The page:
Welcome back to the Short Fiction Spotlight, a weekly column dedicated to doing exactly what it says in the header: shining a light on the some of the best and most relevant fiction of the aforementioned form.
I’ve reviewed a number of award-winning shorts for the Spotlight in recent weeks. A happy accident, in that I’d opted to blog about both ‘The Waiting Stars’ and ‘The Men from Porlock’ before they were winners, but that pattern did play a part in my selection of the tale I want to talk about today, namely ‘Buffalo Gals, Won’t You Come Out Tonight’ by Ursula K. Le Guin: a 1987 novelette, originally published in The Magazine of Fantasy and Science Fiction, which went on to win a Hugo, as well as a World Fantasy Award.
I haven’t actually read a whole lot of Le Guin’s fiction. That which I have, however, I’ve held high. When I was a kid, I spent many magical months with my mum’s dog-earned omnibus of what was then the Earthsea Quartet; later, in an attempt to catch up on a couple of classics, I read The Left Hand of Darkness—a high watermark for feminist fiction entirely entitled to the masterwork status it lays claim to today; and though I didn’t love Lavinia, I remember it with remarkable clarity.
Le Guin, in my opinion, is one of the most important authors telling tales tall and true today, and I regularly regret that I haven’t had more time to spend with her work. To wit, in tandem with my desire to shine the Spotlight on another award-winner, the recent rerelease of The Unreal and the Real—a two-volume collection of short stories identified by the author as personal favourites—proved irresistible to this reader.
The first of the set, Where On Earth, focuses on fiction which takes place in what is recognisably the real world. That isn’t to say said stories are in any way mundane, as Le Guin asserts in her introduction; indeed, their ordinary aspects are often the origin points of extraordinary events, like the months Myra spends in the strange care of Coyote in today’s story.
‘Buffalo Gals, Won’t You Come Out Tonight’ begins in the aftermath of an aircraft crash. Myra—a little girl travelling to Canyonville to spend the summer with her father—is the sole survivor. Shaken, she awakens in the high desert of Eastern Oregon with a talking coyote curled up beside her. Rather than leading her to her people, the creature—Le Guin’s riff on the frisky trickster figure from so many myths—guides Myra across “a hundred miles of sagebrush,” far away from all traces of human civilisation.
At the end of their journey “across the falling land,” Myra and this manic animal arrive at a town—a town populated not by people, but beasts: beetles and bluejays; horses and horned toads. Marvellously, Myra’s time in the company of Coyote has given her a new outlook on life:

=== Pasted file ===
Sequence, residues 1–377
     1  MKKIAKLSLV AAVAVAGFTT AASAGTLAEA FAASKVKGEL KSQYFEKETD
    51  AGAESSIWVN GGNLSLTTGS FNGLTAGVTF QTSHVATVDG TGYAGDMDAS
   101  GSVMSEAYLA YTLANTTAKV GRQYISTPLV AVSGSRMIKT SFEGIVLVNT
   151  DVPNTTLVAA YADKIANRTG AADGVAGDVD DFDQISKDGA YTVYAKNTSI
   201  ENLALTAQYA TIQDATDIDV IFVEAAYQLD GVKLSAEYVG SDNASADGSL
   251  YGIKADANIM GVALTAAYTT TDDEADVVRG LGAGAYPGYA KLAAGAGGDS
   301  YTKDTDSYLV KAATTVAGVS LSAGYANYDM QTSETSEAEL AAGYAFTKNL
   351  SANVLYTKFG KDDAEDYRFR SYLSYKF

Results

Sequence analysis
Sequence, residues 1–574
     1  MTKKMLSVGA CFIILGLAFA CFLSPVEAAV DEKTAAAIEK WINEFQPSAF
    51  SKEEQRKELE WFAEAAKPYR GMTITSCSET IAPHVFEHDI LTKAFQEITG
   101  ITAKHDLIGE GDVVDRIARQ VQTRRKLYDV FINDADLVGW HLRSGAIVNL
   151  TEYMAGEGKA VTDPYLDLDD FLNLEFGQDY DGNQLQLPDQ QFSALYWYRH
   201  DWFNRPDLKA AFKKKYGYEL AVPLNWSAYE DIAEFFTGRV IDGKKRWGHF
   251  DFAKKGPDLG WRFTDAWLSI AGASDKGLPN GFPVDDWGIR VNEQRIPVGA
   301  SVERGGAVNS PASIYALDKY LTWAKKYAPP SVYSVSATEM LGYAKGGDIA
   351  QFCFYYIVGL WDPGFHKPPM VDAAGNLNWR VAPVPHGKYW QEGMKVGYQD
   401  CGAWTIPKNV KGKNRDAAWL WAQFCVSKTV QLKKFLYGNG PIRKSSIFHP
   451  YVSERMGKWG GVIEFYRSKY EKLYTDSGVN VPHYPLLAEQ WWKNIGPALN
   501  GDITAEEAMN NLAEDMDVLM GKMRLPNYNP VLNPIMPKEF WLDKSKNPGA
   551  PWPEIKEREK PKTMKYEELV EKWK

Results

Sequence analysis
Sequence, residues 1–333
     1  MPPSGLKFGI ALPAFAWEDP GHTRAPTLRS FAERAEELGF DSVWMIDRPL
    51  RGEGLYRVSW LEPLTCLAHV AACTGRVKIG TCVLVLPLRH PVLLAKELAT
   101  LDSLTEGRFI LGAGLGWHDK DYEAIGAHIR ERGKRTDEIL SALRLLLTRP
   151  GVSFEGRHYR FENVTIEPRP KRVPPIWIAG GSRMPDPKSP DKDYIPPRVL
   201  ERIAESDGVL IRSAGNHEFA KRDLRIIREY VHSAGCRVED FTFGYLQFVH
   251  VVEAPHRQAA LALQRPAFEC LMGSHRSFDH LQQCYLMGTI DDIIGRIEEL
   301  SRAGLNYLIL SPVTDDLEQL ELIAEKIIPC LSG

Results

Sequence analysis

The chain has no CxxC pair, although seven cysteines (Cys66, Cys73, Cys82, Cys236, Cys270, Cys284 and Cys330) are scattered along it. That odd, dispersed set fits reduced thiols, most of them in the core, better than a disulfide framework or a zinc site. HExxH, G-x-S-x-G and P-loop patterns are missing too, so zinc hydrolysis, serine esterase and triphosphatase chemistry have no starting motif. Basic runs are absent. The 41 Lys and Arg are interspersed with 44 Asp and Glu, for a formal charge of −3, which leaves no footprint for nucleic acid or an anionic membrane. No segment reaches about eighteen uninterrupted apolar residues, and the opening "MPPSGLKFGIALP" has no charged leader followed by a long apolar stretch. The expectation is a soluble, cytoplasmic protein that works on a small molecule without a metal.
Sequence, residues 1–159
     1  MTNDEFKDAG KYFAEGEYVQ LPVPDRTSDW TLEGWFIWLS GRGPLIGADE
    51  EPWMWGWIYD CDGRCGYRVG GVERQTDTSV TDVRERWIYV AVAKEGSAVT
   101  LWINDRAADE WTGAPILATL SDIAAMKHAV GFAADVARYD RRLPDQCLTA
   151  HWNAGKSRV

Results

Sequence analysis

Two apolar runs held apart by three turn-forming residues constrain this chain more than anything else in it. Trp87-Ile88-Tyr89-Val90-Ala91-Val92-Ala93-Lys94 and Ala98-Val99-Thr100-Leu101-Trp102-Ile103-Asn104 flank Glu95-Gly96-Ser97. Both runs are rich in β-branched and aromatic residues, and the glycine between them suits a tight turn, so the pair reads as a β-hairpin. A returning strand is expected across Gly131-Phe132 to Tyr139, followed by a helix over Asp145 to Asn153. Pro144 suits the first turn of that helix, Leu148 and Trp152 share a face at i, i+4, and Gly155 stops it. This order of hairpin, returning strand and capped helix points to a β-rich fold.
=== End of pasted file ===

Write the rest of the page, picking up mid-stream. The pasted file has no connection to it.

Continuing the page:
They were all children, she thought at first, and then began to understand that most of them were grown people, but all were very short; they were broad-bodied, fat, with fine, delicate hands and feet. Their eyes were bright.
Bright with intelligence. Bright with life.
That is not to say the creatures she walks amongst are necessarily friendly, as Myra learns the longer she lives in this uninhibited animal kingdom—for there she stays, in Coyote’s debauched cottage, for many, many days. Days she spends getting to know the locals:
Some persons in town made it clear that as far as they were concerned she didn’t and never would belong there. Hawk’s furious stare burned through her; the Skunk children made audible remarks about what she smelled like. And though Whitefoot and Chipmunk and their families were kind, it was the generosity of big families, where one more or less simply doesn’t count. If one of them, or Cottontail, or Jackrabbit, had come upon her in the desert lying lost and half-blind, would they have stayed with her, like Coyote? That was Coyote’s craziness, what they called her craziness. She wasn’t afraid. She went between the two kinds of people, she crossed over.
But the time is coming for Myra to make a decision. She can’t belong to both worlds, can she? So which will it be? Big breakfasts in broken homes or salmon mush courtesy of Coyote when she isn’t too busy talking to her droppings?
I can think of no better representation of the reverberations resulting from the bleed between the real and the unreal that this collection refers to than the two places portrayed in today’s tale, and the innocent caught like a clot in the middle. Le Guin’s depiction of the wilderness is wonderful: it’s beautiful, but brutal; peaceful; decent.
The careless cruelty and utter ugliness of human civilisation stands in stark contrast with this image, as Myra and the creature she comes to call mother discover when they take a pivotal trip to the closest conurbation:
All around them the pressures increased. It was as if the air itself was pressing on them, as if time was going too far, too hard, not flowing but pounding, pounding, pounding faster and harder till it buzzed like Rattler’s rattle. Hurry, you have to hurry! everything said, there isn’t time! everything said. Things rushed past screaming and shuddering. Things turned, flashed, roared, stank, vanished.
As they do, to be sure.
Real meaning arises from the coming together of these two worlds, and the consequences of that clash, from which Le Guin fashions a life-affirming last act, and finally a fitting finale.
It’s as well that ‘Buffalo Gals, Won’t You Come Out Tonight’ won awards in the year of its release; it would if it were published today, too. It’s no less relevant or resonant now that it was way back when, I warrant.
Roll on the rerelease of the second part of The Unreal and the Real, please! I for one intend to do this thing again then.
Niall Alexander is an extra-curricular English teacher who reads and writes about all things weird and wonderful for The Speculative Scotsman, Strange Horizons, and Tor.com. He’s been known to tweet, twoo.